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Our little furry friends, including hamsters, are mostly herbivores. Meaning, these kinds of animals primarily feed on plants. However, you should know that not all plants are safe for our hamsters to live with. Moreso, consume.
If you’re thinking of putting succulents into your hamster’s cage, chances are, they’ll be chewing on it too. Thus, it is important to ensure that whatever it is that you place inside is safe for its well-being in any way.
In this article, we will get to the bottom of whether succulent plants are safe for our little hamsters or not. Which specific types are non-toxic and which are poisonous.
So, without much said let’s begin.
- 1 Is succulent a non-toxic plant?
- 2 Wrapping Up:
Why you should put live plants into your pet’s home?
Before anything else, you should understand the reasons why pet owners put live plants into their hamster’s cage.
Well, first of all, it looks nice!
Putting live plants inside your pet’s home makes it look more natural. Doing so somehow recreates its natural green habitat. Rather than just a bare space made of plastics and wire screens.
Another thing that makes it purposeful is that it provides your pets some structure to climb on. Some succulents are sturdy enough to bear the weight of the hamster. Thus, making it a cool framework for its usual activities.
Lastly, live plants are also good snacks. Yes, these little critters love to nibble. Almost always, they will chew on anything. This behavior is pretty normal for them. It keeps their teeth short and healthy, and it also makes them pre-occupied. On that note, it is vital to make sure that whatever it is they are trying to chew on is safe and edible. Plus, it makes them feel full too.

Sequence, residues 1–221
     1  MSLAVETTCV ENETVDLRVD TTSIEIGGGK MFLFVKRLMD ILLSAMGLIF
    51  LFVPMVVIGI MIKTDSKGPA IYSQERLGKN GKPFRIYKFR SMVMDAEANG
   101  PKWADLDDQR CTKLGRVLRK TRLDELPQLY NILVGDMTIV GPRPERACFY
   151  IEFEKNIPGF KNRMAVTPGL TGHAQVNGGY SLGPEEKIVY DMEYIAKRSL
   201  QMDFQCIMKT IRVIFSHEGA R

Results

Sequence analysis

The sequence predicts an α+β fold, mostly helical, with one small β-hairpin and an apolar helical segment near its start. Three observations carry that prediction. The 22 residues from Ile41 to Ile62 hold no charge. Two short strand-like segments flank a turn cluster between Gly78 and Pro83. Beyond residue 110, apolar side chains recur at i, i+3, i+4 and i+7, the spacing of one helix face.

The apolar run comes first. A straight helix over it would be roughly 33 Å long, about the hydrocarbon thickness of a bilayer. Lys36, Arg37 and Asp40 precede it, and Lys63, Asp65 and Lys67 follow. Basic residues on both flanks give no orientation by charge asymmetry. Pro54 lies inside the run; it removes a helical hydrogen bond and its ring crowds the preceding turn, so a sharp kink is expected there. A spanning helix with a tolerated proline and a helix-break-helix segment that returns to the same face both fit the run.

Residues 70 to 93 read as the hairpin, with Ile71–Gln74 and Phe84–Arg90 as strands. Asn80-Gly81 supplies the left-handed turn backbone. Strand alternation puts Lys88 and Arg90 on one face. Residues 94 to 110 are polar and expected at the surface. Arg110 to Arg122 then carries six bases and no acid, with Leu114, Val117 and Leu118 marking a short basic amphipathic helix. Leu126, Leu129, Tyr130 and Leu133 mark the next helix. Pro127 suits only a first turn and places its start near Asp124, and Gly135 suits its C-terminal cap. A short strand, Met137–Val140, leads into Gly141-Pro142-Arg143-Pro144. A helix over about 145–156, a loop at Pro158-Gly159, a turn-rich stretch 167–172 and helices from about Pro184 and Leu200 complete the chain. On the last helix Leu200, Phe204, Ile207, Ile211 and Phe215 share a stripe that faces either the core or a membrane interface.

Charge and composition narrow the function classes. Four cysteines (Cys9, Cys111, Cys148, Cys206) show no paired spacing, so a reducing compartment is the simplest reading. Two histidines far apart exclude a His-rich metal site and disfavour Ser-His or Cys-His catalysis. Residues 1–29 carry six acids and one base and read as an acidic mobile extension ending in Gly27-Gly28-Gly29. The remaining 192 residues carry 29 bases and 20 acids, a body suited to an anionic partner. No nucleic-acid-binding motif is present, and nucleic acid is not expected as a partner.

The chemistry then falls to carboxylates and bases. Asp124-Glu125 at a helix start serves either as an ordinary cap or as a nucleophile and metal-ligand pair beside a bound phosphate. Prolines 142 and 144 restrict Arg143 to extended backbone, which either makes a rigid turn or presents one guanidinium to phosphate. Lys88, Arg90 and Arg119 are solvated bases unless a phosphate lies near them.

Is succulent a non-toxic plant?
Well, you should acknowledge that there is a wide variety of succulents out there. And with this diversity, you can expect that some species would be safer for pets than others.
Here are some types of succulents that are non-toxic not just for your hamsters, but for any pets in general:
Hens & Chicks (Sempervivum)
Sempervivum, particularly the hens & chicks variety, is a type of succulent that belongs to the Crassula genus. This plant presents itself as a beautiful rosette in shades of pink, red, and sometimes yellow.
It is being named after hens & chicks because the mother plant (the hen) is attached to multiple baby rosettes (the chicks) by an underground runner. Thus, forming clumps after clumps of star-shaped flowers in various sizes.
This alpine succulent is quite known for being fuss-free. You can grow it anywhere like in a vertical wall, driftwood, or inside your hamster’s cage. It is bound to adapt well in both hot and cold environments. So, no matter where you plant it, you can sure bet it will thrive.
The echeverias are actually a large genus of succulents from the Crassulaceae family. These popular flowering succulents feature a thick and fleshy rosette with waxy exteriors. Its rosettes look similar to that of Sempervivums. Echeverias though have thicker and wider leaves that are green, gray, or bluish in color.
Echeverias, in general, are very easy to grow. It is a fast-grower that prefers a warm and rather sunny disposition. Caring for it is fool-proof making this plant perfect for beginners and even for your hamsters too.